Council faces 'dilemma' over ‘freeloading’ campervan and motorhome users
How to solve a problem like campervans, or motorhomes for that matter?
That’s something some councillors and residents have been asking in Redcar and Cleveland and a solution to keep everyone happy both in terms of discouraging a minority of owners who abuse any privileges and providing adequate provision for the rest has yet to be properly found.
Twelve months ago councillors agreed a motion intended to introduce overnight parking restrictions where campervans and motorhomes – typically campervans’ larger, longer big brother – were being kept overnight amid concern some were “taking the mick” by freely downing anchors for days and also abusing the environment by leaving behind litter and waste.
Councillor Philip Thomson said some residential areas in Saltburn had become “in effect a caravan park with all the downsides associated with that and that is what we wish to address”.
The then borough mayor, Councillor Stuart Smith, also weighed into the debate, describing some parking as a “disgrace”, blocking pavements and also claiming he counted 45 such vehicles at one time on Marine Parade with rubbish being deposited “anywhere they can find”.
Councillor Alec Brown – now the local authority’s leader – said it was a “groundhog day issue” and it was a shame that a borough which relies on tourism did not have better facilities for people.
He said: “Broadly speaking we do support this motion, but with the caveat that we don’t appear to the wider world that we are closed off to visitors.”
Coun Thomson stressed his motion made the point that the council should be welcoming to all visitors, whatever their mode of transport.
He said at the time: “It isn’t just about saying you can’t park here.
“We need a disincentive through legislation and an incentive through adequate and appropriate provision, of which there is not.”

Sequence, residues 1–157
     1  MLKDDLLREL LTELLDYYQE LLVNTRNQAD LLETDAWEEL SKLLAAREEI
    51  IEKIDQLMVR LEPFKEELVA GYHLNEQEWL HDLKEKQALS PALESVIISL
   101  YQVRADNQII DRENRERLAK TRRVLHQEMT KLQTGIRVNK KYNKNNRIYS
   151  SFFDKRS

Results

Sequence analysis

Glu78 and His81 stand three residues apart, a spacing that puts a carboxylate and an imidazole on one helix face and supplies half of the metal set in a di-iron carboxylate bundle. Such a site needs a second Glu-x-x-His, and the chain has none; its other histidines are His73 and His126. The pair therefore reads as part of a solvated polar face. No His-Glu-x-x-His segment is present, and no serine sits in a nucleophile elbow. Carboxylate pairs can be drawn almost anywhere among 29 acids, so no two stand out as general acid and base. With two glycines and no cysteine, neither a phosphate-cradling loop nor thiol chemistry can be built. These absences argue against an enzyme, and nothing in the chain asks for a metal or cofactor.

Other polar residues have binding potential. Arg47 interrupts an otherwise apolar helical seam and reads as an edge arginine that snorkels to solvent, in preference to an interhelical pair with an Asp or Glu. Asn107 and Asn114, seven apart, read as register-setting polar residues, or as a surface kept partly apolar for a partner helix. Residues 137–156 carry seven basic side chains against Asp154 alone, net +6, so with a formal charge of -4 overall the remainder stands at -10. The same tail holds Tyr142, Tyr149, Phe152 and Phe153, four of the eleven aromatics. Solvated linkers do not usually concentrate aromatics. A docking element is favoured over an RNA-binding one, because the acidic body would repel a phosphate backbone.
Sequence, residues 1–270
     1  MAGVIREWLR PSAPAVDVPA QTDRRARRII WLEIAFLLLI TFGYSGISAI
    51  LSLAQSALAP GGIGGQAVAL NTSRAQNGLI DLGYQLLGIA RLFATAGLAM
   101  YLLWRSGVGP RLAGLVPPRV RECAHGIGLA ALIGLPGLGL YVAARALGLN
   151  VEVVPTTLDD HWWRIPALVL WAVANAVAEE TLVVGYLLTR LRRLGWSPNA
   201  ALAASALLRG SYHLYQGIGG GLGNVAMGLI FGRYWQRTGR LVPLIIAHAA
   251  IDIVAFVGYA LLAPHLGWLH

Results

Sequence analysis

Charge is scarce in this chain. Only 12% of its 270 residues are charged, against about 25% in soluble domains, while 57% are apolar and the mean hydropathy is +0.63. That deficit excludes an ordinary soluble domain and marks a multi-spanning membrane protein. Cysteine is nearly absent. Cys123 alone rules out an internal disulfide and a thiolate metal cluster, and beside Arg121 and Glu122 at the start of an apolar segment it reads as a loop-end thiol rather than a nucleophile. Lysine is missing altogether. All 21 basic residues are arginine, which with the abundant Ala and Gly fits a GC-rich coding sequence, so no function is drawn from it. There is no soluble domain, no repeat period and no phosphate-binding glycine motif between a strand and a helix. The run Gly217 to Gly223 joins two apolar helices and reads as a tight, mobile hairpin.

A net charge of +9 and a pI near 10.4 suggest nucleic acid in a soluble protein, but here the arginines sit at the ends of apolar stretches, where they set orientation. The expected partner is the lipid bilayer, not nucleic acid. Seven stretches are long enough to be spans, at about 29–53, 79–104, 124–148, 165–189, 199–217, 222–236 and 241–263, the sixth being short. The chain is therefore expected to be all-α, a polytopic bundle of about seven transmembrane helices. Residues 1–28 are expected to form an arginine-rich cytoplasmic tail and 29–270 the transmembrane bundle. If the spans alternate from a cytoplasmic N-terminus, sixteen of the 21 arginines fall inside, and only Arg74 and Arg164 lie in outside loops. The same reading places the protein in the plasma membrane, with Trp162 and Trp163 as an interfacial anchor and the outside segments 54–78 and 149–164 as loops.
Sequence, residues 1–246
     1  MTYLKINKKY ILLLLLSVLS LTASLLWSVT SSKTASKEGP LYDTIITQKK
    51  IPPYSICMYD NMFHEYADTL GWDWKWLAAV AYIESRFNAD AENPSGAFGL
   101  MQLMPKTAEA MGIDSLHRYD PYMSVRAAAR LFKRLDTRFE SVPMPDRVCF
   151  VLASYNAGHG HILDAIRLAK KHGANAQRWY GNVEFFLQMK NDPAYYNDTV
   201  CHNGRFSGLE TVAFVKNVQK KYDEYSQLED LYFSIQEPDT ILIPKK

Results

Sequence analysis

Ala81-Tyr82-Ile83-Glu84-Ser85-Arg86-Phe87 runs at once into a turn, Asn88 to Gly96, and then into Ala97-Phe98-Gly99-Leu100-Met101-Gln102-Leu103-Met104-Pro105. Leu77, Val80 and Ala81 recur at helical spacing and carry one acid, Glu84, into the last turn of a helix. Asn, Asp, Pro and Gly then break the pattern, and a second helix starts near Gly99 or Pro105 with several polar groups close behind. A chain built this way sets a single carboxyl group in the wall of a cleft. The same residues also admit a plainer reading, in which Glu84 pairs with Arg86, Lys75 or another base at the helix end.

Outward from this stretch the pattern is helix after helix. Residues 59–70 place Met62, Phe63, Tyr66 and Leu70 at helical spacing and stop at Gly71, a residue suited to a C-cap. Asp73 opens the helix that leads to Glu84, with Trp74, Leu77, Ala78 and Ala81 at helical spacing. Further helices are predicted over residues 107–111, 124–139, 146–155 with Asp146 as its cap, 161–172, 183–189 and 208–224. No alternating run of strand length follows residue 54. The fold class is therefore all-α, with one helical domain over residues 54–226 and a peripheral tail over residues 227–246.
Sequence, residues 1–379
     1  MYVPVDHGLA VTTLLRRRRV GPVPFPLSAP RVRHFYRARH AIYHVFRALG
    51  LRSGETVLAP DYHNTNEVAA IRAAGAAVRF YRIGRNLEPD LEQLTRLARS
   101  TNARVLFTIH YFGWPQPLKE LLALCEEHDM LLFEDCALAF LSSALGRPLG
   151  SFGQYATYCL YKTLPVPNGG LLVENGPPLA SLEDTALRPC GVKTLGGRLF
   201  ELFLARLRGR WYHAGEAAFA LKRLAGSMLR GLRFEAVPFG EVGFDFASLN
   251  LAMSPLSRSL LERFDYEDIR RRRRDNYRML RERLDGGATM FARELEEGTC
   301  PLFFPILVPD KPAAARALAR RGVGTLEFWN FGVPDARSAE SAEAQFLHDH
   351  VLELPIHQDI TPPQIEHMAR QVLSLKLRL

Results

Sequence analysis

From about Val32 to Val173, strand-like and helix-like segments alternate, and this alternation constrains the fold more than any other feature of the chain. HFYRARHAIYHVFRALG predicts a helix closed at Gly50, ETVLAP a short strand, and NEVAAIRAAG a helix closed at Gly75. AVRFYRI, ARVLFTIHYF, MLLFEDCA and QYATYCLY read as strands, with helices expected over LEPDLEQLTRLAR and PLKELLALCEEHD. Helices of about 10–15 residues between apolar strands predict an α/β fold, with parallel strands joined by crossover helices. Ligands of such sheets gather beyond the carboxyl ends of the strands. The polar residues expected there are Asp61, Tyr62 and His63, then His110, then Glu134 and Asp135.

The motion remains a work in progress with two troublesome locations subsequently being identified, Marine Parade and The Stray in Redcar, with the council issuing a traffic regulation order to bring in a four-hour limit on parking at the latter where one councillor complained about vehicles staying for “months”.
Marine Parade, meanwhile, was recently the subject of a protest gathering by some locals because of council plans for the addition of 125 net car parking spaces, which will see bays remodelled and turned at right angles, and the road widened, narrowing the top promenade.
Some motorhome owners fear this, along with new double yellow lines on the town side of Marine Parade, will mean less space for their vehicles and more difficulty in manoeuvring them in and out of parking spots.
A similar traffic regulation order will be required as part of the changes and could be drafted so as to accommodate restrictions on campervans and motorhomes, while a transport masterplan for Saltburn has also considered the issue.
Two years ago the council performed a U-turn over plans for a traffic regulation order intended to restrict campervan and motorhome parking on Cowbar Lane, a single lane track off the A174 close to Staithes, in response to complaints from local residents about litter and the dumping of chemical toilets, along with verges being destroyed by “bumper to bumper” vehicles.